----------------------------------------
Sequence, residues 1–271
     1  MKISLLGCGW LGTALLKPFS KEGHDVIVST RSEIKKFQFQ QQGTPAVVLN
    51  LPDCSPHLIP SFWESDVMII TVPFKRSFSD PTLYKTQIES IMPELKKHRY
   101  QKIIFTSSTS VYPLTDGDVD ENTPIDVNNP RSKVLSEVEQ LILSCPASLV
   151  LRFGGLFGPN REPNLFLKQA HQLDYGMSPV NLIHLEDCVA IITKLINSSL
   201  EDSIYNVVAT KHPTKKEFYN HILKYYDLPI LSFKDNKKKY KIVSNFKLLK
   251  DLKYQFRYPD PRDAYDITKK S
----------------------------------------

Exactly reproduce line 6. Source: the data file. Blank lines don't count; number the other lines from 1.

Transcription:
   201  EDSIYNVVAT KHPTKKEFYN HILKYYDLPI LSFKDNKKKY KIVSNFKLLK